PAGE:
Curcumin protects rats against acetaminophen-induced hepatorenal damages and shows synergistic activity with N-acetyl cysteine – Source: European Journal of Pharmacology, Nov 15, 2009

Acetaminophen is one of the most popular analgesic and antipyretic [pain & fever-reducing] drugs, and its overdose, which can cause severe damage to liver and kidneys, is one of the most common reasons of emergency admissions.

In this study we investigated the effects of curcumin (turmeric), derived from plant Curcuma longa, on acetaminophen toxicity, and the possibility of combining therapy of curcumin and N-acetyl cysteine (NAC) to treat this toxicity. [Note: NAC, an amino acid supplement, is given as an antidote to the toxin created by excess acetaminophen. NAC is a natural precursor of glutathione, which is required to neutralize the toxic effect.]

The experiments were conducted on 72 male Sprague–Dawley rats randomly divided into 12 groups. Control group was left without treatment, and the other groups were treated with different combinations of acetaminophen, curcumin and NAC.

15 min after intraperitoneal injection, the blood level of curcumin was measured using HPLC. Blood levels of AST (aspartate aminotransferase), ALT (alanine aminotransferase), blood urea nitrogen and creatinine were determined 18 and 42 h after acetaminophen injection.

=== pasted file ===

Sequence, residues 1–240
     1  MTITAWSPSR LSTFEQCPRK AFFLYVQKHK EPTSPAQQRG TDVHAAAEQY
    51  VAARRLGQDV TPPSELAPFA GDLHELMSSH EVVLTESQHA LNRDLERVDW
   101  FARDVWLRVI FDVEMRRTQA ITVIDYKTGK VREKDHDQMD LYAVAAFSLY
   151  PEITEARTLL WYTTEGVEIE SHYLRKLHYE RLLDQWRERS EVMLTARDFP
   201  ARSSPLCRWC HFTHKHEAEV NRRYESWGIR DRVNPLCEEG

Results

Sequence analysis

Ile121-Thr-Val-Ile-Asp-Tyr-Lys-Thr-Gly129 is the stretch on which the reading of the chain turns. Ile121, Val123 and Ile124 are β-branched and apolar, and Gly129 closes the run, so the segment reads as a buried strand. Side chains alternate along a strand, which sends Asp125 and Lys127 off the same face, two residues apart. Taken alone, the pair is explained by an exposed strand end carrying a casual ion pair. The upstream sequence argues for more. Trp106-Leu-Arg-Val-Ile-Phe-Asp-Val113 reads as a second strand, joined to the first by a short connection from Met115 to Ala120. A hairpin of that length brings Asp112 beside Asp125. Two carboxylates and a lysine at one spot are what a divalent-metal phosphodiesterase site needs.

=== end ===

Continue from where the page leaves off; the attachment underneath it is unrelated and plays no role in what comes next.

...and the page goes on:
One week later, the left kidney and the caudate lobe of the liver were harvested to assay glutathione peroxidase, catalase and malondialdehyde. The right kidney and the remaining lobes of the liver were used for histopathology.

Analysis of organ function and oxidation parameters showed that curcumin significantly reduced toxic effects of acetaminophen on the liver and kidneys in a dose-dependent manner and significantly potentiated the protective effects of NAC. These findings were confirmed by histopathology.

It is concluded that:

• Curcumin can protect the liver and kidney from the damage caused by acetaminophen overdose.

• Moreover, curcumin has the potential to be used in a combination therapy with NAC, significantly decreasing the therapeutic dose of NAC and therefore its side-effects.

Source: European Journal of Pharmacology, Nov 15, 2009. PMID: 19919835, by Kheradpezhouh E, Panjehshahin MR, Miri R, Javidnia K, Noorafshan A, Monabati A, Dehpour AR. Department of Pharmacology, Shiraz Medical School and Medicinal and Natural Products Chemistry Research Center, Shiraz University of Medical Sciences, Shiraz, Iran; Shiraz University of Medical Sciences; Department of Pharmacology, Tehran Medical School, Tehran University of Medical Sciences, Iran. [E-mail:]

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